In 15+yrs of running, I've oddly never developed shin splints (very mild soreness a few times after a bunch of k2 repeats a year ago). Maybe I can throw out what I think has helped me (and it includes much of what you've already shared).

    – I'm a twig :) (5'10" 140lbs). Less body weight = less "pounding" on the body

    – mid-foot/forefoot strike = no excessive overloading of the knees + shin

    – high running cadence/quick leg turnover = the 2 above pretty much explain it.

    – core strengthening = keeps the body aligned and bio-mechanics intact! (I'm terrible at doing this as much as I should).

    – efficient mechanics. 11+yrs of consistent work on this and it's been (and Joe you would agree and have helped me too!) the single-most definitive reason for staying healthy, I think.

    – avoiding overloading the body with mileage it's either not ready for, or can't sustain (HUGE factor!)

    They all tie in together, but this is what has helped me.

  13. Craig

    When/how does a bone scan play a part in recovery? I've been dealing with posterior shin splints / MTSS for the better part of a year. 6 weeks off of running followed by a very slow ramp up didn't help, but the pain is always general, never acute like I assume a stress fracture would be. X-ray was negative, but would a MRI give me any more specific information about how much time to take off?

    1. OOJ

      MRIs are generally not good at examining bony structures (they're excellent for soft tissues). Bony pathology (e.g. fractures) would show up in a plain film x-ray at six weeks — as even a complete fracture (when rested) will heal 100% in six weeks and the new bone would shine brightly!

      Reading your account, the biomechanist/PT in me thinks, *how* are you running? Anyone who's rested completely (beyond healing parameters for bone), then begins running with the same pain onset tells me that there is a mechanics flaw…in essence, "slamming the thumb in the door", all over again.

      My best advice is to consult w/your MD, but also ask him for a good PT or someone else skilled in gait analysis. Good luck!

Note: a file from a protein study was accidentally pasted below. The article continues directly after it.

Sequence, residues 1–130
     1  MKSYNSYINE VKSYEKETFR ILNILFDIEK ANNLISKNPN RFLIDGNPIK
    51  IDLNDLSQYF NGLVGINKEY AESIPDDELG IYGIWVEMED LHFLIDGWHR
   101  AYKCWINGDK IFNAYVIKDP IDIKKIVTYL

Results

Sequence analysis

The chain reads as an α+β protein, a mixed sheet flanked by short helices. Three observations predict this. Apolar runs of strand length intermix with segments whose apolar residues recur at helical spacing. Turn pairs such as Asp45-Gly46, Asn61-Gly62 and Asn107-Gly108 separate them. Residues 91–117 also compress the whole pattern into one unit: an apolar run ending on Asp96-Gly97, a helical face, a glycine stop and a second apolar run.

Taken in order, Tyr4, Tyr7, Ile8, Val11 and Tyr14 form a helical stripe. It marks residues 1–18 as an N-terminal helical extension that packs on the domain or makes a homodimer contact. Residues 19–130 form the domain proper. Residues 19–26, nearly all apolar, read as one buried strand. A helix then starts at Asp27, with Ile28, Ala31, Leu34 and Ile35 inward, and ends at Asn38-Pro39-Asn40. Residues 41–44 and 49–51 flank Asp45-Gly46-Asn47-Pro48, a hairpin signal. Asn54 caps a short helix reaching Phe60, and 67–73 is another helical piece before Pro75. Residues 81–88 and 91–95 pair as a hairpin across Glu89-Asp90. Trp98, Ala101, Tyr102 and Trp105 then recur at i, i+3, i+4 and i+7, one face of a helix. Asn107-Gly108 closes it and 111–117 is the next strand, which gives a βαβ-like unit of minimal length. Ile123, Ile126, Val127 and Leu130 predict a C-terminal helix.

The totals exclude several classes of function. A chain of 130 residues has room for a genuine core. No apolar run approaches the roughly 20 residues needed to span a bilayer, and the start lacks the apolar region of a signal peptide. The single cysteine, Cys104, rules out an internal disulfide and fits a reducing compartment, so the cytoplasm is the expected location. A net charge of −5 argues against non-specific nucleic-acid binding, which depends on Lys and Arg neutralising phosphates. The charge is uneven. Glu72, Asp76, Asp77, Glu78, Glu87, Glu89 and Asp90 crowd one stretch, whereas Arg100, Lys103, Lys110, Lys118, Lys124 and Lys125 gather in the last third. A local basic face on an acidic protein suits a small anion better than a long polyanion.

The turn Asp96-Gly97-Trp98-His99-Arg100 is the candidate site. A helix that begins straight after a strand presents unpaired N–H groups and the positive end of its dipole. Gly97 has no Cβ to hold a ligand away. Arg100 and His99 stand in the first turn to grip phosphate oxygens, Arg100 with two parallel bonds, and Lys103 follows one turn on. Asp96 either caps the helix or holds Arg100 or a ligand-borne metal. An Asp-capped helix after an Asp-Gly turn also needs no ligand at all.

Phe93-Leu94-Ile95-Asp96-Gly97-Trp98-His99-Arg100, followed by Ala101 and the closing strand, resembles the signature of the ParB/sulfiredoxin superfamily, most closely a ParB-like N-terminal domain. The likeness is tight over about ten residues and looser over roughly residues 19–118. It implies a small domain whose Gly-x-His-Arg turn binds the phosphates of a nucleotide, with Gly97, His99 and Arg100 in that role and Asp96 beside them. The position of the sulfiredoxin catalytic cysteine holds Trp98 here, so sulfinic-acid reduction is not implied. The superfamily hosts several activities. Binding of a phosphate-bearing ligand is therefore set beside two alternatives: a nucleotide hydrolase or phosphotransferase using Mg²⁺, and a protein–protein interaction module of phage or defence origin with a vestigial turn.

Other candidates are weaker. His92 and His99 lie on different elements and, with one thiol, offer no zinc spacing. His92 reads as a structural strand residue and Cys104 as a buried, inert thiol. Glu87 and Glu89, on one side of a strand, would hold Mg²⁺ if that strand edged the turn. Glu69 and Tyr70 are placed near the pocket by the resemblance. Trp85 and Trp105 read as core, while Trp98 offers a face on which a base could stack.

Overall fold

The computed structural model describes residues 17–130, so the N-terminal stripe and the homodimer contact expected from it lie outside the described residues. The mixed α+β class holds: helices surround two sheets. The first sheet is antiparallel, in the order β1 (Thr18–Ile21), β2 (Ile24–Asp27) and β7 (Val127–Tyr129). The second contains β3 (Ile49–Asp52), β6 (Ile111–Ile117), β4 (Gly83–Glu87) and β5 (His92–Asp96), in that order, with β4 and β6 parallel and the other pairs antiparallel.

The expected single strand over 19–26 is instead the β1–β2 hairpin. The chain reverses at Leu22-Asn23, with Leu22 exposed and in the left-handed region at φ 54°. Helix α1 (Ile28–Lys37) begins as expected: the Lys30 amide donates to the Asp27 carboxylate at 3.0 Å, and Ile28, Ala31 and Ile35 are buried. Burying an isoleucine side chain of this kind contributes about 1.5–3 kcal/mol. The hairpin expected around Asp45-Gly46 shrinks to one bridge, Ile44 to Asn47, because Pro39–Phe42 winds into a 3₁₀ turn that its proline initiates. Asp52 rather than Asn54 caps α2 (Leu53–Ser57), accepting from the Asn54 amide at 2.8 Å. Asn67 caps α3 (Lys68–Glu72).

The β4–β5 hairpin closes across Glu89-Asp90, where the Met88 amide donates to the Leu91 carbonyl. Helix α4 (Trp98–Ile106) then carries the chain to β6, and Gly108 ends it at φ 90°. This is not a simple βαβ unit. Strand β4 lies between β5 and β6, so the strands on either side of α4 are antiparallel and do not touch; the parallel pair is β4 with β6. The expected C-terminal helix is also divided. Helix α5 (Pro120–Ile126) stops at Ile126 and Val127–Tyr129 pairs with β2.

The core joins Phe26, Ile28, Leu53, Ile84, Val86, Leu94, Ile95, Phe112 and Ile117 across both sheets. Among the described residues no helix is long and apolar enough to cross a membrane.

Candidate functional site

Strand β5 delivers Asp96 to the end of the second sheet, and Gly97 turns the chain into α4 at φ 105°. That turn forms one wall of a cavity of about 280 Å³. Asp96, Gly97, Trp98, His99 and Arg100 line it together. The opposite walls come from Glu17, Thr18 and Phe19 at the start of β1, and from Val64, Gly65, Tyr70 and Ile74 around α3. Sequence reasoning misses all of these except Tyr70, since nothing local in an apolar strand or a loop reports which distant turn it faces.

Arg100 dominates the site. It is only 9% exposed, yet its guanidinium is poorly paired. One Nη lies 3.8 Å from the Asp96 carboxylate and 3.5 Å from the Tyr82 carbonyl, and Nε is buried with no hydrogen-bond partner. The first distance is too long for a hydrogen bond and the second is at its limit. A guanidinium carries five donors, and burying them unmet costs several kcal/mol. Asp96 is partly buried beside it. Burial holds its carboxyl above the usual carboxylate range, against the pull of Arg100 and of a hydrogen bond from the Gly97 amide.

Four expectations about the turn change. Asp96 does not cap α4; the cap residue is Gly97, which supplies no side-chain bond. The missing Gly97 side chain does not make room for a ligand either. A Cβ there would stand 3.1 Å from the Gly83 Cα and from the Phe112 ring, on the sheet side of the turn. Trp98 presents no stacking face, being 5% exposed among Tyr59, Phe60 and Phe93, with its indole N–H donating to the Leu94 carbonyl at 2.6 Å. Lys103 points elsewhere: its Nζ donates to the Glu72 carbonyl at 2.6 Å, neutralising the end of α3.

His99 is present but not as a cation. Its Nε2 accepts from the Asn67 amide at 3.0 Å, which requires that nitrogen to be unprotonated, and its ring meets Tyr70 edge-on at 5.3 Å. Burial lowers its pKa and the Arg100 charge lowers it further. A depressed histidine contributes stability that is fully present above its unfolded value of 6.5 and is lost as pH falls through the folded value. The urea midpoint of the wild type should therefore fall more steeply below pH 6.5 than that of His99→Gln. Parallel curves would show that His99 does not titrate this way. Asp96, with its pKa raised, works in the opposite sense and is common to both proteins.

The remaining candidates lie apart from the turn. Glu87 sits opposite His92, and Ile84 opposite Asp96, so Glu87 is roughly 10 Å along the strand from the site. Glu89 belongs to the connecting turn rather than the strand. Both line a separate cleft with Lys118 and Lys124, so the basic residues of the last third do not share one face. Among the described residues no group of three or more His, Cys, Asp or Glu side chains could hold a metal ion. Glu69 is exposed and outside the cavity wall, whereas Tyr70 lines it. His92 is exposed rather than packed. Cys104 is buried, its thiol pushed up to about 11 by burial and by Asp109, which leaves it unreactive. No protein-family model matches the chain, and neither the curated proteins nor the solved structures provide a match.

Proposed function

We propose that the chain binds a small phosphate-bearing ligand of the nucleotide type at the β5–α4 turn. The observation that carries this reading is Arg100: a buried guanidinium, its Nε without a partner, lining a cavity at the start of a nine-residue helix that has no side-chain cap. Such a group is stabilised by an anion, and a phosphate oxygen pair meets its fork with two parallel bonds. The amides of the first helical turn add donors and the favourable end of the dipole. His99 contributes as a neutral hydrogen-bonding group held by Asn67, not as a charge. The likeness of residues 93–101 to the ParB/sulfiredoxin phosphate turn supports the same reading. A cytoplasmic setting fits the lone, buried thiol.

14. OOJ

    Mr Rydman has great mechanics and is extremely light on his feet, with a neutral (in all planes) foot strike. His *only flaw* comes when he's fatigued, and his trunk goes backward (slightly) — that braking could cause a tib issue, but as it's a rare occurrence (and improving this spring?), I think that could account for his streak of good health! :)

  15. Kix

    Perfect timing for this article – thanks. Just did training run Sunday for an upcoming race. I probably pushed my pace and was "braking" on the downhills more than usual. Also, it was a three hour drive to and from the run. I did not notice a problem until Monday when I exited a vehicle and fell on my face. Shin splints/ calves seized up and much pain. I have been running for many years and have not had this happen since I was new! Very humbling. I hope to use some of the tips provided to recover in time to complete my first 50 miler. Thanks.

    Happy Trails!

  16. Daniel

    Joe, this is a fantastic article. I have been struggling with anterior shin pain for just over a year now and have yet to have any doctor or website explain the issues and how to treat them as clearly as your article. I am looking forward to putting your advice into practice and getting back to being pain free (just sore from lots of running!). Thanks.

  17. James @reddirtrunner

    Thanks Joe & Will for the feedback. I have backed off of running for almost 2 weeks and have been cycling like a fool instead. Stretching, rolling, and icing too. I saw the local ART doc for a couple of treatments that really seemed to help as well. My calf was super tight with a couple of nice knots in it. Much improved now, I'd say it is about 90% normal. A few more days and I'll give it a go again. Slowly this time. And for walking around the house I picked up a pair of Sole sandals on clearance from Left Lane Sports. Thanks again, much appreciated.


Post Your Thoughts